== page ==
Although Di Gregorio hadn't planned to make a sequel to Mid-August Lunch, he was apparently coaxed into doing so. While The Salt of Life has some sweet moments, much of the film seems to be struggling to find its ending. When Gianni is finally surrounded by adoring, sexy, women, it's the only logical way something like this could happen: in a tired old man's dreams. Here's the trailer:

* * * * * * * * *
Unlike Gianni Di Gregorio, the four characters in God of Carnage are still full of piss and vinegar. The dramatic event which brings two couples together (one son beat up the other couple's son in a playground scuffle; the victim -- who came home with two broken teeth -- called the other boy a snitch) simply serves as the foundation for an evening of farce and recriminations unleashed by the talented French playwright, Yasmina Reza.

As directed by Rick Lombardo, the San Jose Rep's co-production with the Arizona Theatre Company takes place on a handsome unit set designed by Kent Dorsey. All four parents begin the evening as middle-aged adults whose earned wealth, professional status, and feigned empathy should allow them to deal with their children's fight quite rationally.

Unfortunately, any pretense at adult behavior quickly gives way to snarling accusations and seething resentment as the adults connect with the very worst personality traits of their inner children.
  • Alan Raleigh (Benjamin Evett) is an obnoxious lawyer who has become a slave to his cell phone.  Although disinterested in having sex with his wife, he has no problem boasting that his son has turned into an adolescent thug. His glibness (bolstered by his smarmy ability to use technology and public relations as professional weapons on behalf of his pharmaceutical client) have earned him the scorn of his sex-starved wife. 
  • Annette Raleigh (Joey Parsons) is a wealth manager who has perfected a veneer of professional behavior. Although Alan may refer to his wife as "Woof-woof," Annette is not someone to be trifled with. Push her buttons too hard and she goes from zero a raging bitch in a split second.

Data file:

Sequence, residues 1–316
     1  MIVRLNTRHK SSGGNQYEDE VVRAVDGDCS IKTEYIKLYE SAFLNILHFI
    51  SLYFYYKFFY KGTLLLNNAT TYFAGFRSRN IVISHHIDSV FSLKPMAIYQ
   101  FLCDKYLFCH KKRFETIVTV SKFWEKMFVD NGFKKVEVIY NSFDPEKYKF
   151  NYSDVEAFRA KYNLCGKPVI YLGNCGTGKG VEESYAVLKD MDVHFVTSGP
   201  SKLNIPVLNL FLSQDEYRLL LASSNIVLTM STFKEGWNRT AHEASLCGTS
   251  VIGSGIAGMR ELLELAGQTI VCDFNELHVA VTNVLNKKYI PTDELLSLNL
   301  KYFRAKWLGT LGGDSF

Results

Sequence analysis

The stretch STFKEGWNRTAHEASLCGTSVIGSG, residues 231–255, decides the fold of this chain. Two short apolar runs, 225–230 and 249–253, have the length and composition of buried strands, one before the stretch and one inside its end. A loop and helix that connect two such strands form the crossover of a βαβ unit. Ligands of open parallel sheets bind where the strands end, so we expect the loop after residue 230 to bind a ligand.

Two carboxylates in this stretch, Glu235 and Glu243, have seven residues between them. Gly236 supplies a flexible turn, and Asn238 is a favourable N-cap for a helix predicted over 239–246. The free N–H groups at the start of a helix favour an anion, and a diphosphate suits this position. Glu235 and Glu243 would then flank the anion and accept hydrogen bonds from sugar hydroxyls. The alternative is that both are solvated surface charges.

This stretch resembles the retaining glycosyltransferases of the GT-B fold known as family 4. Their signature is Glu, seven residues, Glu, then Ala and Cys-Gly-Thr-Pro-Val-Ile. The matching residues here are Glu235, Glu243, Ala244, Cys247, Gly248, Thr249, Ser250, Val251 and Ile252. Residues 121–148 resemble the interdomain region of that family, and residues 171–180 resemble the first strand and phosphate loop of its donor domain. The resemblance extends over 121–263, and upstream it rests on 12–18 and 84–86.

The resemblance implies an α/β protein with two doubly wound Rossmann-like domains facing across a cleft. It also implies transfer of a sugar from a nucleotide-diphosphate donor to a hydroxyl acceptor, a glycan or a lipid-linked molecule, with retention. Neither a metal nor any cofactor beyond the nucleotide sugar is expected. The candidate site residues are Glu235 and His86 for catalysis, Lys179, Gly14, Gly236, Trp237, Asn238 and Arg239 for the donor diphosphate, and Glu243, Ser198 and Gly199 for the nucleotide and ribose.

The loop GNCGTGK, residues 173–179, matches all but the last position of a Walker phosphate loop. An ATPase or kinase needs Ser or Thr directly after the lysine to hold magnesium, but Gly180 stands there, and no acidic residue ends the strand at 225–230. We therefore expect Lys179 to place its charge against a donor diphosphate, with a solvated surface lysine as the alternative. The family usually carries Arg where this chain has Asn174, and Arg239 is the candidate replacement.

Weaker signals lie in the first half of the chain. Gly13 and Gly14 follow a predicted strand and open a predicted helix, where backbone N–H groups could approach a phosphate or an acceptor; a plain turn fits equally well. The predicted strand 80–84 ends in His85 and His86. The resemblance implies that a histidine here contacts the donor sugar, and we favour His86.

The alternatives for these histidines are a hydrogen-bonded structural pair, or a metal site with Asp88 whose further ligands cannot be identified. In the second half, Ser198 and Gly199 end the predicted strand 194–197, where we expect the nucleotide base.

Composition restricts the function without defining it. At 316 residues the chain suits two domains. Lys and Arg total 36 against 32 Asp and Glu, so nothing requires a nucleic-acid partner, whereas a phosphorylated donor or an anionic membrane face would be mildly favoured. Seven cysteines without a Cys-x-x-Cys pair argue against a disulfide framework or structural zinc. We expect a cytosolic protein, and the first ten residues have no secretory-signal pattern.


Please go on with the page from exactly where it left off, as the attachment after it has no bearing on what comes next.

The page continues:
Benjamin Evett and Joey Parsons in a scene
from God of Carnage (Photo by: Tim Fuller)
  • Michael Novak (Bob Sorenson) is a hardware salesman who has no interest in pretentious behavior, material acquisitions, the arts, or the finer points of baking clafoutis. Like Alan, he had his own gang in school and is damned proud of that fact.
  • Veronica Novak (Amy Resnick) is the kind of helicopter mother who tries so hard to do what she perceives to be politically correct. Put some rum in her, however, and she becomes hell on wheels.
Amy Resnick, Bob Sorenson, and  Benjamin Evett in a
tense moment from God of Carnage (Photo by: Tim Fuller)

God of Carnage begins with two sets of parents squaring off against each other and soon devolves into an age-old battle of the sexes and the two women bond with each other and the men find similar strength in numbers.  Reza's play requires an ensemble that can skillfully transition from a polite comedy of manners filled with people making snotty remarks about each other into a physical brawl in which supposedly mature adults degenerate into screaming brats whose behavior would embarrass their children.

Bob Sorenson, Joey Parsons, and Benjamin Evett in a
scene from God of Carnage (Photo by: Tim Fuller)

While the four actors work well together as an ensemble, I was especially taken by Benjamin Evett's loathsome lawyer and Joey Parsons (whose talent at physical comedy transforms her from a tightly-wound, somewhat submissive wife to an avenging antelope). God of Carnage continues through April 15 at  San Jose Rep (click here to order tickets). In the meantime, here's the trailer:

No comments: